Car Wars – BONUS POST

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The Bonus Book of the Week is “Car Wars, The Rise, the Fall, and the Resurgence of the Electric Car” by John J. Fialka, published in 2015. This volume provided a brief history of how manufacturing and sales of renewable-energy vehicles has been evolving in the last few decades. Clearly, the author wrote about relevant subjects from documents, and people to which he had easy access.

The (lazy?) author dismissed the electric cars of the late 1800’s in two sentences, saying they were obsolesced by 1920 via an innovation by engineer Charles Kettering; an electric ignition system replaced a burdensome hand crank in gas-powered cars, especially in the Cadillac of 1912, and then just like that, everyone started buying gas-powered cars. A propaganda war, profiteering and politics likely played a role in that major development in standard-setting in transportation, but the reader wouldn’t learn that from this book.

Anyway, in the 1980’s, previously competing automakers were initially compelled to form alliances to comply with car-emissions limits and meet deadlines set by U.S. laws, especially in the state of California. They shared info on electric vehicle (EV) technology. Over the years, when the deadlines were relaxed by pro-business politicians, the automakers parted ways, and independently pursued only the specific projects they felt would be profitable. Environment be damned.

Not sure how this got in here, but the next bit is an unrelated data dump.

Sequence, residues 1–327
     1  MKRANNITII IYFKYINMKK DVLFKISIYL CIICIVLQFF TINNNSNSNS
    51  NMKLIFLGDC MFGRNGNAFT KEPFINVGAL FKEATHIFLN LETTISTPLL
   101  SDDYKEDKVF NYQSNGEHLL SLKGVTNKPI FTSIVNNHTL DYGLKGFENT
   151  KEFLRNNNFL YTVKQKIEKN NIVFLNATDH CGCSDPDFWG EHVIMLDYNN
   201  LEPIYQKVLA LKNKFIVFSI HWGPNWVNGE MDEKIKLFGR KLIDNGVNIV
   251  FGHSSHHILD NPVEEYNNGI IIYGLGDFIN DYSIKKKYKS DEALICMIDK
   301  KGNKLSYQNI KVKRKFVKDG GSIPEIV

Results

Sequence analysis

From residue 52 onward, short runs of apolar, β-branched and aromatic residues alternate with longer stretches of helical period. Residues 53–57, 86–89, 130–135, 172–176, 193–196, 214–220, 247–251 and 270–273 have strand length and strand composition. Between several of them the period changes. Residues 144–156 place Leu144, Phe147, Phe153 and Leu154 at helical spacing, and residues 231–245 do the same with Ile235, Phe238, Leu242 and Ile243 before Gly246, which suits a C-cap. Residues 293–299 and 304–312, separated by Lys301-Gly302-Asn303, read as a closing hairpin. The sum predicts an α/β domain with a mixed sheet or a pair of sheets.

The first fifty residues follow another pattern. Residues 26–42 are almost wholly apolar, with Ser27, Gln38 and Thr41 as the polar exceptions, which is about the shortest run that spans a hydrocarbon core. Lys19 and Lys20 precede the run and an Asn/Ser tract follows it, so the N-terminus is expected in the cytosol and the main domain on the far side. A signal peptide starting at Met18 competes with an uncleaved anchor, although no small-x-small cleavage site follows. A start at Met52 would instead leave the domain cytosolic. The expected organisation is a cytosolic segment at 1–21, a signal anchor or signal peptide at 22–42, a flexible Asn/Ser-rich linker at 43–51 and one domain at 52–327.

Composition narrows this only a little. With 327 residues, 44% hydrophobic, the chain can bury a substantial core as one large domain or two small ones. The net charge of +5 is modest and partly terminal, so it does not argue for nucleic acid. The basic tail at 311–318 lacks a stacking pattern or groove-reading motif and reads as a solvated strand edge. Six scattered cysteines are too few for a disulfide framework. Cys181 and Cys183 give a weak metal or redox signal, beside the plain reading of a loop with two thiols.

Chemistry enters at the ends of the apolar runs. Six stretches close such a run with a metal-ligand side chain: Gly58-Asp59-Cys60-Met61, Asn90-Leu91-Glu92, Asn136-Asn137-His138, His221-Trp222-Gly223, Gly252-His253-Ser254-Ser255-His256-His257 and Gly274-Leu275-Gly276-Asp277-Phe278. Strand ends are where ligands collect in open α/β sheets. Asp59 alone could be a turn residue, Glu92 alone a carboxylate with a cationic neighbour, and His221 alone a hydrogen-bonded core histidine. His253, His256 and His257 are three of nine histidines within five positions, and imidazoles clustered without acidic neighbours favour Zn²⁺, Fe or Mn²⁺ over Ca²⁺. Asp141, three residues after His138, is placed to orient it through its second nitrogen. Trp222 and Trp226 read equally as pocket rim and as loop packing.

In 1990, near the campus of the California Institute of Technology, when drivers tested the plug-in recharging feature of the General Motors Impact in their personal garages, their neighbors’ garage doors and TV sets went crazy, because the recharger was actually a huge radio transmitter.

In October 1995, Japan’s Toyota beat American carmakers to the punch when it showed off its hybrid Prius, that got 70 miles per gallon of gas. Of course Japan, of all the industrialized countries in the world, is significantly more motivated to seek efficient, renewable energy sources for its transportation modes– for the sake of its economic survival.

In the late 1990’s in a few select places in California and Arizona, super-rich males leased the first few models of EVs, because the cars had the attractive features of fast acceleration and high velocity; high gas mileage was a secondary benefit.

Meanwhile, in the single-digit 2000’s, a group named the California Fuel Cell Partnership was formed. It consisted of Geoffrey Ballard, Daimler, and Ford, who were working on a competing vehicle that uses fuel cells– whose mechanical components chemically alter water molecules. The selling points for those cars, once the technology’s commercial application is perfected, include: zero-emissions and the ability to fill up the car at existing gas stations. However, oil companies would supply hydrogen tanks.

Read the book to learn some of the politics, economics, entrepreneurs and technologies involved in developing cars that ran on renewable-energy sources, up until the book’s writing.

The Girls in the Wild Fig Tree / The Last Nomad